Sunday, 16 June 2019

Huawei reiterates commitment to transparency, as UK MNOs ask govt for clarity on 5G security

By Chris Kelly, Total Telecom
Tuesday 11 June 19

A BBC report suggested that the heads of the UK's big four MNOs have written to the government asking them to clarify the role that Huawei can play in their future 5G rollout plans

Huawei's senior security official has said that his company remains fully committed to "openness and transparency", as he gave evidence to a parliamentary select committee in the UK. Britain's Science and Technology Committee will report back to the UK government on the extent to which the Chinese tech giant should be allowed to be involved in the country's 5G network rollout…

Huawei's senior security official has said that his company remains fully committed to "openness and transparency", as he gave evidence to a parliamentary select committee in the UK.

Britain's Science and Technology Committee will report back to the UK government on the extent to which the Chinese tech giant should be allowed to be involved in the country's 5G network rollout.

Huawei has found itself under intense pressure from the US in recent months, who claims that the company's network infrastructure poses a direct risk to its national security. The US is in the process of trying to rally its allies to exclude Huawei from their networks, with little success.  

Huawei has been heavily involved in the UK's telecommunications sector for the past 15 years and works closely with at least three of the country's big four mobile network operators. It was instrumental in launching 4G services across the country.

A new mobile industry report, cited by industry news site Tech Radar, said that banning Huawei from Europe's 5G rollout plans could delay the launch by 18 months and cost operators €55 billion.

In a wide ranging and probing session, Huawei's global cyber security and privacy officer, John Suffolk, answered a swathe of questions from the Committee, seeking to allay fears that Huawei's equipment was any less secure than that of its rivals.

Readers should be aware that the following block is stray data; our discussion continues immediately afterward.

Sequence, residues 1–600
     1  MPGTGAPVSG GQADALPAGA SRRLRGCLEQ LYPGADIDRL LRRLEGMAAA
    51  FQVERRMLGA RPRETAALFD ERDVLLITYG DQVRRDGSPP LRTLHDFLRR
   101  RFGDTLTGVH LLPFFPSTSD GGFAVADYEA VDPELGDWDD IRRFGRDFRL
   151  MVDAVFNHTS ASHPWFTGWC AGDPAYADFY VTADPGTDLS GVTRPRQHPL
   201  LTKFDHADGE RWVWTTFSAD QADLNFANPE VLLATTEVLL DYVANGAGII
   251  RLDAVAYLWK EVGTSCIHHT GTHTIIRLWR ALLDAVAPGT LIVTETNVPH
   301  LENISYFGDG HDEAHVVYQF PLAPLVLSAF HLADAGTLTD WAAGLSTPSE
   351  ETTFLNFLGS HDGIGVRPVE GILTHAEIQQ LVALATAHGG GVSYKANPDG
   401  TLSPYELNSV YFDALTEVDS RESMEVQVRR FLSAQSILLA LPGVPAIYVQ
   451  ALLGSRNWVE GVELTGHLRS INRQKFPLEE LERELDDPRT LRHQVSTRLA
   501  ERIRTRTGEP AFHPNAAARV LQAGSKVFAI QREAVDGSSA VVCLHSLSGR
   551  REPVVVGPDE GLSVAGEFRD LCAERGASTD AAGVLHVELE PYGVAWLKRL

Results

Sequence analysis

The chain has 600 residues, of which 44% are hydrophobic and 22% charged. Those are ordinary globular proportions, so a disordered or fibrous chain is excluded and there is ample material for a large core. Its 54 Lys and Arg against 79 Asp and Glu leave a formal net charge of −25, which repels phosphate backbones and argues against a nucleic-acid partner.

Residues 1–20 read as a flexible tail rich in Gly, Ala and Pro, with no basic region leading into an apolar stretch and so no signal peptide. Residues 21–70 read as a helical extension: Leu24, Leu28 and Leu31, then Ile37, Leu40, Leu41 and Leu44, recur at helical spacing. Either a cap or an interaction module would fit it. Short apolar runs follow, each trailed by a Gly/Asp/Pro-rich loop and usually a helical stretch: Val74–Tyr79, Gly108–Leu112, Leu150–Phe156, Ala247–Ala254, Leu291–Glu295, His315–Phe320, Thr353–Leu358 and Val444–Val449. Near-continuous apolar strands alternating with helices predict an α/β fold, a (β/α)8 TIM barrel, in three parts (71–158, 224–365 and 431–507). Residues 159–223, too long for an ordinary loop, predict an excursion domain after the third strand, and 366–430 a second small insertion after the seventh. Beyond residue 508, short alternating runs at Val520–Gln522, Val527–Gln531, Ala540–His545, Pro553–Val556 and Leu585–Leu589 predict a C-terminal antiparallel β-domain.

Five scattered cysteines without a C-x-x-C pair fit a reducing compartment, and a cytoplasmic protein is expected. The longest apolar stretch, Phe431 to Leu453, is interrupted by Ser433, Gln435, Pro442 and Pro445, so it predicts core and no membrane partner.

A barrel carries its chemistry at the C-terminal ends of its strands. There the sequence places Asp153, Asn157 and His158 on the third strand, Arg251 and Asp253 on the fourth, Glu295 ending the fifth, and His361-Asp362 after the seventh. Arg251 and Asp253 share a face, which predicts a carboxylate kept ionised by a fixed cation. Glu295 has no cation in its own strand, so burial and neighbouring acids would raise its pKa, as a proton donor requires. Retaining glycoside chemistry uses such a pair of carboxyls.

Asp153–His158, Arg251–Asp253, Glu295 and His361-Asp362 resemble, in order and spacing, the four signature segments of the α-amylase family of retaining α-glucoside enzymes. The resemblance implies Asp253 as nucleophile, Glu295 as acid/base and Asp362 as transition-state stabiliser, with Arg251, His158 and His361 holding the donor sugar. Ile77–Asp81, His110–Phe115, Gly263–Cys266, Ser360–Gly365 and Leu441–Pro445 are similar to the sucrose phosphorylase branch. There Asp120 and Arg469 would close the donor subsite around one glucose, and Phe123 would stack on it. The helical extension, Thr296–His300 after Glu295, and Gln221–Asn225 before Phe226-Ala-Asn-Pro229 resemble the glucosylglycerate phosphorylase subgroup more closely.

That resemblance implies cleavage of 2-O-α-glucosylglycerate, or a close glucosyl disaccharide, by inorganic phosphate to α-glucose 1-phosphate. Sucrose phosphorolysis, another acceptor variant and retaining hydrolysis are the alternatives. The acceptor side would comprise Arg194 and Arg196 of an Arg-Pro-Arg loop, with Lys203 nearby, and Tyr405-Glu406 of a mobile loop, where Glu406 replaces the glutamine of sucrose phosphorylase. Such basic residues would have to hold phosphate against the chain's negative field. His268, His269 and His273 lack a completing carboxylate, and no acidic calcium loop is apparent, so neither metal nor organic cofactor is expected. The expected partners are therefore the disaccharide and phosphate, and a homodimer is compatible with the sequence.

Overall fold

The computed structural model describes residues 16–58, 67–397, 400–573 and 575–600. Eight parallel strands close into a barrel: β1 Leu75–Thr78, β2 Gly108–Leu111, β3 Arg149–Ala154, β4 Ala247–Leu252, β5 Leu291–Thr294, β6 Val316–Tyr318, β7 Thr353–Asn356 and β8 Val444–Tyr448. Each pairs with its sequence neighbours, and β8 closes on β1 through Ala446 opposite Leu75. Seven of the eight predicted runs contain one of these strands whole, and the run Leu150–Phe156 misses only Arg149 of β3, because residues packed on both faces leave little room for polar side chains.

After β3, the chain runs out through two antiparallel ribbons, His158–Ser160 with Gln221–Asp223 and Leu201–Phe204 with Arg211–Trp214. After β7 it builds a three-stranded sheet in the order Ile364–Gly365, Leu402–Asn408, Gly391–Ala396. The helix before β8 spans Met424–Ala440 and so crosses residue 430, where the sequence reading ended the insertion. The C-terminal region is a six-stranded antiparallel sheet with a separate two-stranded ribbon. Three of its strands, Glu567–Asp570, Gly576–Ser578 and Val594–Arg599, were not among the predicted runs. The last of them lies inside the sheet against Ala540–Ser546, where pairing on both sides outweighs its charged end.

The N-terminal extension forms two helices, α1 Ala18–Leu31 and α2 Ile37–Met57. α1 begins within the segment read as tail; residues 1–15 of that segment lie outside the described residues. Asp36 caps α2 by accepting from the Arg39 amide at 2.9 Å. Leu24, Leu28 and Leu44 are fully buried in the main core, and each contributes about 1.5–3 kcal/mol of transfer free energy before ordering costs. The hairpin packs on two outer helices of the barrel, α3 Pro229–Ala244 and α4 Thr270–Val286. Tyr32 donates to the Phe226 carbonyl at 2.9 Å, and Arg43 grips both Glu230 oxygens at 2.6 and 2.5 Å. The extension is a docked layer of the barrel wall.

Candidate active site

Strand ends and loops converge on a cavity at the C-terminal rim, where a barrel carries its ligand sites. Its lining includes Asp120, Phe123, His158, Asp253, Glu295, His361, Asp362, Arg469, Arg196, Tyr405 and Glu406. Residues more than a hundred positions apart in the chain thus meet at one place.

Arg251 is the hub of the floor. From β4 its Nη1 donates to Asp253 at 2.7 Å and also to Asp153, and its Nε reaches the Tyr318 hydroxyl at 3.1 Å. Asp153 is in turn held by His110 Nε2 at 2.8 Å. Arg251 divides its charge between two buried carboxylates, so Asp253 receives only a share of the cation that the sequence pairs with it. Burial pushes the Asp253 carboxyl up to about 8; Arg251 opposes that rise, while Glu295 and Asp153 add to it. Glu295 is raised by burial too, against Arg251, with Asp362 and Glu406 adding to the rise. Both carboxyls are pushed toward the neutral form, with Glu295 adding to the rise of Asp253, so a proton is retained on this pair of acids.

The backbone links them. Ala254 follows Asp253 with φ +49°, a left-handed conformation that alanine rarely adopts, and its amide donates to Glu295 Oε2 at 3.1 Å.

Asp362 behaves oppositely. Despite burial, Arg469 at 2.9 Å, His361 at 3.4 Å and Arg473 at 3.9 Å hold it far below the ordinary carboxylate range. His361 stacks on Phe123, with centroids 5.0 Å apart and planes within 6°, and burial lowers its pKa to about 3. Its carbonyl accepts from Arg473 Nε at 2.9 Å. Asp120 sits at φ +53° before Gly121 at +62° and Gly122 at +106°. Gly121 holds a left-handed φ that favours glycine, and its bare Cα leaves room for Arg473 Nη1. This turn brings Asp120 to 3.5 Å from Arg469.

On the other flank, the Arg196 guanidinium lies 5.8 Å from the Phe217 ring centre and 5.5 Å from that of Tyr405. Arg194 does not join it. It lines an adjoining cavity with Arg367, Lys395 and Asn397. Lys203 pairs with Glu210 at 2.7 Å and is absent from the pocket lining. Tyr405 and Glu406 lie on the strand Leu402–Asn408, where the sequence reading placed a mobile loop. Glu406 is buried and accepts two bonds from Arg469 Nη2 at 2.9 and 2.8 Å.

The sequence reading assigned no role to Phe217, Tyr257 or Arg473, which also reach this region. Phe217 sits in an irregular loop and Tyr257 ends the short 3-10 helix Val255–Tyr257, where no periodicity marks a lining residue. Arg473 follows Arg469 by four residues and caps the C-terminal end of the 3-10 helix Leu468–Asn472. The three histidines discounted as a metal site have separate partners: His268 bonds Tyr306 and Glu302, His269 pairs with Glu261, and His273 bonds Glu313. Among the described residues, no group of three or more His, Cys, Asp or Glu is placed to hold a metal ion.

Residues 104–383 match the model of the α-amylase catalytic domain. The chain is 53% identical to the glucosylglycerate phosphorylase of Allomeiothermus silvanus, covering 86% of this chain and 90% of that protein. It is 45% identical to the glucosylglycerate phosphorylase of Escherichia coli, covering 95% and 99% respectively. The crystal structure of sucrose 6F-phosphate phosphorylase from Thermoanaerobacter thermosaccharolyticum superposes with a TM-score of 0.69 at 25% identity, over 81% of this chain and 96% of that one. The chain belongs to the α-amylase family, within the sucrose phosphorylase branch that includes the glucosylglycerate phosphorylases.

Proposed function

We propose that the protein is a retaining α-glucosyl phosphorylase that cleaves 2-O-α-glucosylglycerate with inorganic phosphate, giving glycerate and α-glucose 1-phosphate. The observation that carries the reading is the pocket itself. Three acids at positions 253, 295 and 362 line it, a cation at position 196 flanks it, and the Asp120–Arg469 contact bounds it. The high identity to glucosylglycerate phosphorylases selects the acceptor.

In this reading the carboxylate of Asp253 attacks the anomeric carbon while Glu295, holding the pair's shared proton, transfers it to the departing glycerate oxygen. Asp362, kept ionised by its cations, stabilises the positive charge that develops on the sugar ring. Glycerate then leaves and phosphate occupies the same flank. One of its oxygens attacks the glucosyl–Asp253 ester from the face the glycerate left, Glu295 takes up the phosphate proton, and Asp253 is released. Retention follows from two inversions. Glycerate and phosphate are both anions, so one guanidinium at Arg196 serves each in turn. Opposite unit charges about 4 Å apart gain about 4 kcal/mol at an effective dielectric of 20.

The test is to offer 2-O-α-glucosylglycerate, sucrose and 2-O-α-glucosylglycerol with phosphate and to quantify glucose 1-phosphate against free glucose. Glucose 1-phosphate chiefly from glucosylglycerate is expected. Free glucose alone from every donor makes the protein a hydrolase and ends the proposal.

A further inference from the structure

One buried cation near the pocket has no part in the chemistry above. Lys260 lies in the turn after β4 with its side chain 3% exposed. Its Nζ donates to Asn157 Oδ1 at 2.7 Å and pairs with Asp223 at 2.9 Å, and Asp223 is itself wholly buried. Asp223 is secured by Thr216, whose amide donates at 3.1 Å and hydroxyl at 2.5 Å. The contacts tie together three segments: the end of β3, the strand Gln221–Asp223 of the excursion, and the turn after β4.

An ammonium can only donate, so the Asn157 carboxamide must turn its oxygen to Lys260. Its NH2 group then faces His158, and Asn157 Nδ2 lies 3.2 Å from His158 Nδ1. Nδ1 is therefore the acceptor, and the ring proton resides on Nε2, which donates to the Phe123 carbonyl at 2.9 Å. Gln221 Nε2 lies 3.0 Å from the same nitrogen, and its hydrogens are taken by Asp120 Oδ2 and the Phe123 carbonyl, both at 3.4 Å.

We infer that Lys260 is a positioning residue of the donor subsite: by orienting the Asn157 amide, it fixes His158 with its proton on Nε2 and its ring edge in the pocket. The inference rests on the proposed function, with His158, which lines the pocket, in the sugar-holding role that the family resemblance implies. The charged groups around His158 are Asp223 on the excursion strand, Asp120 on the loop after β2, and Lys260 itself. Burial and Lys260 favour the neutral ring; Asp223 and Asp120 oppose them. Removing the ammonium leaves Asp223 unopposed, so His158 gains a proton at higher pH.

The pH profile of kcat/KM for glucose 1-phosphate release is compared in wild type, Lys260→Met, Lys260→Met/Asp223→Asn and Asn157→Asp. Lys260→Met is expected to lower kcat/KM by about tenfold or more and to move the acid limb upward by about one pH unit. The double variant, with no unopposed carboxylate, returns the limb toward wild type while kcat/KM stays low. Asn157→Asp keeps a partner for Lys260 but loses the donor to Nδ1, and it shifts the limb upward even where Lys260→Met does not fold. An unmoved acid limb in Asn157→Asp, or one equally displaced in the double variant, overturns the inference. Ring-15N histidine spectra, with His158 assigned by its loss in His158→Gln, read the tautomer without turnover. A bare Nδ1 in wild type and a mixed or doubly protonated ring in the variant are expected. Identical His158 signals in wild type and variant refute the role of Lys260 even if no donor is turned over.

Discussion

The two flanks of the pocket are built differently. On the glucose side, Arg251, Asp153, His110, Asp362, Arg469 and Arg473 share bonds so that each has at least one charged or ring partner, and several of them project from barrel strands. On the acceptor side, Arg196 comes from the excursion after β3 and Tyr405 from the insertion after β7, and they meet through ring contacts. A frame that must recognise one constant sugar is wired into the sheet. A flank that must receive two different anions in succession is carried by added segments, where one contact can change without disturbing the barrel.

"We allow any company and any country to come and review and inspect our products – not because we expect them to find 100 per cent of the issues - because if we did that we wouldn’t be in the telecoms business, we'd be in the software engineering business – but because we believe passionately that the more people there are looking at our products, the more people we have inspecting and poking and prodding, the more chance you have of finding something," Suffolk said.

"We believe in full openness and transparency – we want people to find things – whether they find one or one hundred we don’t care. We are not embarrassed by what people find – people have talked about poor coding or poor engineering – but we stand naked in front of the world. It may not be a pretty sight all of the time but we would prefer to do that, because it enables us to improve our products and services," said John Suffolk.

Suffolk withstood robust questioning from the committee, repeatedly stating that Huawei obeyed the laws of the land in the 170 countries in which it operates.

The UK government is expected to reach a decision on Huawei in  the coming weeks.

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